In Alaska, the south central portion of the state continues to be abnormally dry. While overall normal fire potential is forecast, bursts of more significant fire activity are possible across the interior portion of the state.

By mid-late July, the western fire season will begin to progress north into the Pacific Northwest and Northern Rockies. While a normal transition into fire season is expected in the lower elevations, a delayed entrance is possible in the higher elevations as both regions enter their fire seasons having seen abundant winter and spring precipitation and snowpack accumulation.

wildfire potential june 2017 wildfire potential july august 2017 Precipitation Temperature outlook map

Wildfire potential, April through July

wildfire potentialOn April 1 the Predictive Services section at the National Interagency Fire Center issued their Wildland Fire Potential Outlook for April through July. The data represents the cumulative forecasts of the ten Geographic Area Predictive Services Units and the National Predictive Services Unit.

Below are the highlights of their report. Following that are NIFC’s graphical outlooks for May through July and NOAA’s temperature and precipitation forecasts.

We also have the NOAA/USDA Drought Monitor which, in the history of our monthly reports, shows no extreme or exceptional drought in California for the first time in years.

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“Florida and portions of Georgia, South Carolina, Texas and New Mexico continue to experience significant fire activity as warmer and drier-than-normal conditions persist. These conditions will persist as the fire activity peaks across the Southern Plains by May and across Florida through coastal Carolina by early June. Periodic, event-driven pre-green up grassfire activity continues across the central and northern plains and in the lower elevations of the West. This is normal activity and will continue to occur until full green up takes hold. Developing drought conditions across Central Texas and Oklahoma could elevate fire potential in May.

Western New Mexico and Arizona will begin to see an increase in significant fire activity in May before the monsoon begins to develop in late June and begins to curtail activity. As the fire season progresses into June and July, there are concerns with the seasonal shift west into California and north into the central Rockies and Great Basin. Exceptional winter and early spring precipitation will lead to the development of a substantial crop of fine fuels in the lower and middle elevations.

The heavy loading of fine fuels could become problematic when they cure out by July. In the higher elevations, the mountain snowpack is expected to melt at a normal to slower than normal rate due to the abundance of high elevation snow and the occurrence of an overall cool and wet spring. This could produce a delay in the onset of significant fire activity in the high elevations.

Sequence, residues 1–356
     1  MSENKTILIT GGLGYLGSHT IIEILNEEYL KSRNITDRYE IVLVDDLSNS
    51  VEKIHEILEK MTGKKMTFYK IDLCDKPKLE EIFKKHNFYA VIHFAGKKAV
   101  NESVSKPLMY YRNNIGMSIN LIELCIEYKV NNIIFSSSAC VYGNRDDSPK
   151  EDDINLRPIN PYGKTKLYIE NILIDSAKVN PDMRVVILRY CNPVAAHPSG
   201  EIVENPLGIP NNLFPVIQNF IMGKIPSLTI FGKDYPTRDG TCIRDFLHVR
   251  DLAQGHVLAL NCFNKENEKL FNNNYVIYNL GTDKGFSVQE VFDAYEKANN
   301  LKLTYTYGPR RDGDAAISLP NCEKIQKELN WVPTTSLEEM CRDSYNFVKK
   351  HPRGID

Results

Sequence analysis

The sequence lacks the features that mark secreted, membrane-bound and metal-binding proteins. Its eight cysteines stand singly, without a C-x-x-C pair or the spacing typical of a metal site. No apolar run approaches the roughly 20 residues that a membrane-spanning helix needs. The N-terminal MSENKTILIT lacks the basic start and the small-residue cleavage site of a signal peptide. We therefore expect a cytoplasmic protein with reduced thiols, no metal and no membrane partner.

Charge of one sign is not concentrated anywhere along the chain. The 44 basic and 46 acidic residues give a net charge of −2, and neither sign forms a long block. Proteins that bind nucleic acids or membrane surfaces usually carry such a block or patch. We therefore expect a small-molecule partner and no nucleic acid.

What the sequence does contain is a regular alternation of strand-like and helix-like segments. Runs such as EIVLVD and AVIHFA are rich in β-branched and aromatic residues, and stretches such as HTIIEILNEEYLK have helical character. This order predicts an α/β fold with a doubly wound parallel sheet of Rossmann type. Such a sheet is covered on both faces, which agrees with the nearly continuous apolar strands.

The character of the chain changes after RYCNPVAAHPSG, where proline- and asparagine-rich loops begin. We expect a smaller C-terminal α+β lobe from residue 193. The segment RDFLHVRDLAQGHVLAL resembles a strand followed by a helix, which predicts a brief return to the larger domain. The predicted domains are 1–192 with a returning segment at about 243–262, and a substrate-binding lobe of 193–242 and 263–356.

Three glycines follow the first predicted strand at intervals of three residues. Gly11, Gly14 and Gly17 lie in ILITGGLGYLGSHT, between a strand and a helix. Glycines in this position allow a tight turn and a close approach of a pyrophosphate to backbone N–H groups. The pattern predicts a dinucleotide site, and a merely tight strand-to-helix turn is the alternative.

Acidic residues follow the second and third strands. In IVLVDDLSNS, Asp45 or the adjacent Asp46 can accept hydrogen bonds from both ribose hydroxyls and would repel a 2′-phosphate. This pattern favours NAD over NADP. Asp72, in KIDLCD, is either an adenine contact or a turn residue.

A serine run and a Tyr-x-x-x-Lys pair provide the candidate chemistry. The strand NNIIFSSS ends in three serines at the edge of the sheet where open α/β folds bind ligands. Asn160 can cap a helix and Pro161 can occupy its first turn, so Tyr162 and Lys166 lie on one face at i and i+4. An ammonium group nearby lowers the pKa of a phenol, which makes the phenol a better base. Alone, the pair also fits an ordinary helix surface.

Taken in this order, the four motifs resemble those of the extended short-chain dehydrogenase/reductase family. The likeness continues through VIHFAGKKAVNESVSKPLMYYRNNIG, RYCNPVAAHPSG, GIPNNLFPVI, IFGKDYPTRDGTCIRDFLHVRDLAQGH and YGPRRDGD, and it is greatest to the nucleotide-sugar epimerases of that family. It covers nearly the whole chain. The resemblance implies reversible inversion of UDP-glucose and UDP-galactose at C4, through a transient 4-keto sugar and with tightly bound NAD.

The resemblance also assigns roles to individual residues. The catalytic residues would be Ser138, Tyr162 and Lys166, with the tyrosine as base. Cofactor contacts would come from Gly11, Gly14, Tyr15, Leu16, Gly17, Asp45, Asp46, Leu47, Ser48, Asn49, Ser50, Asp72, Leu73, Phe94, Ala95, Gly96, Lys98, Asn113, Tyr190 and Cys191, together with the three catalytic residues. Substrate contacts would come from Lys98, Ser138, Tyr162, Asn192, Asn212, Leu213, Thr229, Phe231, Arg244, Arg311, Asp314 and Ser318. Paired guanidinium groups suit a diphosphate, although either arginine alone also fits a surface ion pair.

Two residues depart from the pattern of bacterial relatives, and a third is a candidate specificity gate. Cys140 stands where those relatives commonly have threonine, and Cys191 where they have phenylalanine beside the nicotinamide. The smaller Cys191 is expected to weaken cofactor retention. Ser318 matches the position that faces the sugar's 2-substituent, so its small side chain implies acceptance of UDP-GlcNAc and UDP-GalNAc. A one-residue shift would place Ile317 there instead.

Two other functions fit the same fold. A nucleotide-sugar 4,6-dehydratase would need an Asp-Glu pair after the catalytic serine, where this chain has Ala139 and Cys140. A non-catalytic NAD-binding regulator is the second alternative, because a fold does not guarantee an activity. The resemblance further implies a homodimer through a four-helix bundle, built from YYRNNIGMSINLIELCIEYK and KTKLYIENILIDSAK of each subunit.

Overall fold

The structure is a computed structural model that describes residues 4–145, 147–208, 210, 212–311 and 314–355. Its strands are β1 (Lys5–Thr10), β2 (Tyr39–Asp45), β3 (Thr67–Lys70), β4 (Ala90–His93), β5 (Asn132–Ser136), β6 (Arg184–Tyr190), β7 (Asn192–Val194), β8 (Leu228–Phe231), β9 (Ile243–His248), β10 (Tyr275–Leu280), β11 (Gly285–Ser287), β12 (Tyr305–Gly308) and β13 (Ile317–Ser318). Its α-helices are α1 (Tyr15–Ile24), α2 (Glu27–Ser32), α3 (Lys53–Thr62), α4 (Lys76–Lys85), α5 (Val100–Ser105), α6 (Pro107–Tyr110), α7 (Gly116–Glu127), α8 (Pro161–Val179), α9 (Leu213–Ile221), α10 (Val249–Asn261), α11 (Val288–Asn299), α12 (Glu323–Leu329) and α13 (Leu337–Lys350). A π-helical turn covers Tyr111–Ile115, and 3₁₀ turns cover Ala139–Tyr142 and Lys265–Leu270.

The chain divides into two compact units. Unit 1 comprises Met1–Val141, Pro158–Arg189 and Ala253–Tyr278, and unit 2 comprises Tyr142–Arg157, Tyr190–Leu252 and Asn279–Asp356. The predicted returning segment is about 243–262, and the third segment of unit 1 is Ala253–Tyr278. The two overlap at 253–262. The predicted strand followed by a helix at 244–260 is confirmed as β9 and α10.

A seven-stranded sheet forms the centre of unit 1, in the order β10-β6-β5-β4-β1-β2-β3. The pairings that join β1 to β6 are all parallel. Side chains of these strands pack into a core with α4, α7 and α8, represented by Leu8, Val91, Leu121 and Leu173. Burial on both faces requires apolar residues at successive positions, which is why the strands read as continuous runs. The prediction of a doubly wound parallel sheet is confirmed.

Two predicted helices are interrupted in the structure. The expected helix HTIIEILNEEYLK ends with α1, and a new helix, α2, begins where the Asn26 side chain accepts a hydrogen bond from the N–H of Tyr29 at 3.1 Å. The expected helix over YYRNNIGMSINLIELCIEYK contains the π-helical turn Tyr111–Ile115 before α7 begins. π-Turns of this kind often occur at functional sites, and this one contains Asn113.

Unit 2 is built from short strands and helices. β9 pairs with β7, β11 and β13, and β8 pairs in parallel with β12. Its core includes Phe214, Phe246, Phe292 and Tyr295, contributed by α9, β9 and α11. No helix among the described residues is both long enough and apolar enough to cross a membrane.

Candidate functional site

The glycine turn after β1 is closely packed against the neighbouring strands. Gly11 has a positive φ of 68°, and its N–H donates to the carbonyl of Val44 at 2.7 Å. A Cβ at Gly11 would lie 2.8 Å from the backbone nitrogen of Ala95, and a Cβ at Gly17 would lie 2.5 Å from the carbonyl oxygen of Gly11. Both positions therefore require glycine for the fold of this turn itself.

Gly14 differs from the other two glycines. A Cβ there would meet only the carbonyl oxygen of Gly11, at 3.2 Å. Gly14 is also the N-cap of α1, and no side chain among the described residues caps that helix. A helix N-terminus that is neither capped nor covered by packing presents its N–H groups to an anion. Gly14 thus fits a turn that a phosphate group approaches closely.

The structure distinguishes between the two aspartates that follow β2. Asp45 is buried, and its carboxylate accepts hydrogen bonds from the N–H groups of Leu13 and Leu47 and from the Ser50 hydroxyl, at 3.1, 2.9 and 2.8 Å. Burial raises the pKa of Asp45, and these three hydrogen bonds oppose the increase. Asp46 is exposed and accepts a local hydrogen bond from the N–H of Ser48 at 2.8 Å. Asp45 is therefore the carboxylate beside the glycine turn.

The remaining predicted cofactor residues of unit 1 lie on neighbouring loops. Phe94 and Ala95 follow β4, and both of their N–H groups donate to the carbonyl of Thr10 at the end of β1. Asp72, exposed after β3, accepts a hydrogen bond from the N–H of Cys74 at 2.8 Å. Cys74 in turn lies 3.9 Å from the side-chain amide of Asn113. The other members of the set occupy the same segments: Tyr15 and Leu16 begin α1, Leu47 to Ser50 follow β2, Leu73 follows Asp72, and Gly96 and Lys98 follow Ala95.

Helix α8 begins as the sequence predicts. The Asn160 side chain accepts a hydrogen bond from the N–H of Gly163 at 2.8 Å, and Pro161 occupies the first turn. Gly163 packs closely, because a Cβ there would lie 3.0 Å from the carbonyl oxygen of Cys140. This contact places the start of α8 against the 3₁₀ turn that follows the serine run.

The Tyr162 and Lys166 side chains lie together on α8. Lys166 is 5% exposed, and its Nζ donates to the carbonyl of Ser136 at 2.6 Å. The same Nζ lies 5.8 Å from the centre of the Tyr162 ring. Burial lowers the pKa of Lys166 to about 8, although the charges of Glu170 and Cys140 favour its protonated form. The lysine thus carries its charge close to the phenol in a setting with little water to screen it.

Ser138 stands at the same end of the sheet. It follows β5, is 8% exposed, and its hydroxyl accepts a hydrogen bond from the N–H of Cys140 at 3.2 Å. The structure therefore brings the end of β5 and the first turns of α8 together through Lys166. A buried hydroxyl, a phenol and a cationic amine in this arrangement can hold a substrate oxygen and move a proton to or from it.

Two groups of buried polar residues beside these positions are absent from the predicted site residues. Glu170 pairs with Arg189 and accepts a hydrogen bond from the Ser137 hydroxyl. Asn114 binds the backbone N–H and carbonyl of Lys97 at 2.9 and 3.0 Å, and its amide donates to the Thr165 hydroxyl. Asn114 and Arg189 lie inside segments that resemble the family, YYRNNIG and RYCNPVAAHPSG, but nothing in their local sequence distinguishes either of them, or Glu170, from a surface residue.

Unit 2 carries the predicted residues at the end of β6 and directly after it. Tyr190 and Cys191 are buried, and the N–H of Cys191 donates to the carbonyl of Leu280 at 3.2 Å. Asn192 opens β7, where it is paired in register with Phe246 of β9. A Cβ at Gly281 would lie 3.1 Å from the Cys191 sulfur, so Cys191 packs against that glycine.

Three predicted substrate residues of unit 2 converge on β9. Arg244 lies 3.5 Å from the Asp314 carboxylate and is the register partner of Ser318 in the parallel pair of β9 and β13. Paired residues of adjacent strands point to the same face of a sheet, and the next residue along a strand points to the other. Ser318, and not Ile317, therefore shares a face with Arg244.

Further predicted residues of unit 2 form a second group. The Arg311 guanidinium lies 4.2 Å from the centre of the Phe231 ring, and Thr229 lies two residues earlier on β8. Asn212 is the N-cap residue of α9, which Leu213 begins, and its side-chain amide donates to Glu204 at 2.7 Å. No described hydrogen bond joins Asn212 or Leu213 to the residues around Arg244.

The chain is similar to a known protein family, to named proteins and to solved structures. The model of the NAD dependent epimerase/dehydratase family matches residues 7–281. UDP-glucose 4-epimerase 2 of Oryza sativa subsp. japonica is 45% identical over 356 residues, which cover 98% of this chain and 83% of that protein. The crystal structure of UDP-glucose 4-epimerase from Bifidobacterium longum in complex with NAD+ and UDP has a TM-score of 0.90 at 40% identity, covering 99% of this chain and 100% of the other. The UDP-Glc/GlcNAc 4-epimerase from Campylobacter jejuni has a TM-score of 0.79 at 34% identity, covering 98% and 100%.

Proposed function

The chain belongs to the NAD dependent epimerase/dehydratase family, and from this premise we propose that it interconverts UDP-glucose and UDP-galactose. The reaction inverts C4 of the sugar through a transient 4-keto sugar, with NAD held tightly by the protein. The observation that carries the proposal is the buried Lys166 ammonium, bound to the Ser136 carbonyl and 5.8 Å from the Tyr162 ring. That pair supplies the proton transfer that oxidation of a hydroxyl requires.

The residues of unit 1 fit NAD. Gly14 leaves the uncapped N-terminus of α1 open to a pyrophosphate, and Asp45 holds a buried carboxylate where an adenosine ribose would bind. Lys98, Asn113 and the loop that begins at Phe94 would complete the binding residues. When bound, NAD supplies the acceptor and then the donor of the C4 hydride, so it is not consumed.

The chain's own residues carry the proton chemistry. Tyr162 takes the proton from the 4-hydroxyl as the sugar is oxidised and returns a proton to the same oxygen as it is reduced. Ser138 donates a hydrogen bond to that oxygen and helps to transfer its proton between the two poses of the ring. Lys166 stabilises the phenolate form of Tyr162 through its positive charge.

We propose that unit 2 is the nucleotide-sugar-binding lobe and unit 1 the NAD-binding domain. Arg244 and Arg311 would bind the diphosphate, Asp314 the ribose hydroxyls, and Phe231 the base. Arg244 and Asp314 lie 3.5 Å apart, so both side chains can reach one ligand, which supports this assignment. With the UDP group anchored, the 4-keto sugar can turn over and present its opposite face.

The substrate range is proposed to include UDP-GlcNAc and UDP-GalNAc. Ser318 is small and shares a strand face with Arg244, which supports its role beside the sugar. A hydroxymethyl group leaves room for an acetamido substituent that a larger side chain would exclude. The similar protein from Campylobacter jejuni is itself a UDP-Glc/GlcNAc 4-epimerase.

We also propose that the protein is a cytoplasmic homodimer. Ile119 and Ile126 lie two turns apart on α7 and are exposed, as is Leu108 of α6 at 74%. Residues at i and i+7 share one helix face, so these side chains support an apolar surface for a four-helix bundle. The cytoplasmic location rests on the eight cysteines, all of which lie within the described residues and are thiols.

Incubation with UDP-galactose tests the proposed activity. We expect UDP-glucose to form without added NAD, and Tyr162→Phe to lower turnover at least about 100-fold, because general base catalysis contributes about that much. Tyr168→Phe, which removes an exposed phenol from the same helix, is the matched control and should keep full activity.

In Alaska, the south central portion of the state continues to be abnormally dry which has resulted in a winter snowpack that is below normal.

By mid-late July, the western fire season will begin to progress north into the Pacific Northwest and Northern Rockies. While a normal transition into fire season is expected in the lower elevations, a delayed entrance is possible in the higher elevations.”

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wildfire potential

wildfire potential

Continue reading “Wildfire potential, April through July”

Wildfire potential, March through June

On March 1 the Predictive Services section at the National Interagency Fire Center issued their Wildland Fire Potential Outlook for March through June. The data represents the cumulative forecasts of the ten Geographic Area Predictive Services Units and the National Predictive Services Unit.

Below are the highlights of their report. Following that are NIFC’s graphical outlooks for April through June, NOAA’s temperature and precipitation forecasts, and the NOAA/USDA Drought Monitor.

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“A typical transition of fire season activity is expected this spring beginning with the southern tier of the country. Fire activity will increase across portions of the southern plains and along the Atlantic Coast from the Carolinas south through Florida where the heavy loading of dry fuels coupled with warmer and drier than normal conditions is expected to create a potential for above normal fire activity. The increase in fire activity will be most noticed during high wind and low humidity weather events brought on by the seasonal transition from winter to spring. Other locations across the nation will see an increase in pre-green up fire activity as well, but this is not unusual. Southeastern Georgia and Florida may show a more significant increase in fire activity due to the emergence of long term drought conditions. Wetter than normal conditions across the Lower Mississippi River and Tennessee River Valleys are expected to lead to below normal fire potential during March. Look for the areas with below normal potential to be scaled back to mainly Tennessee and Kentucky from April onward as precipitation amounts received decrease to normal levels.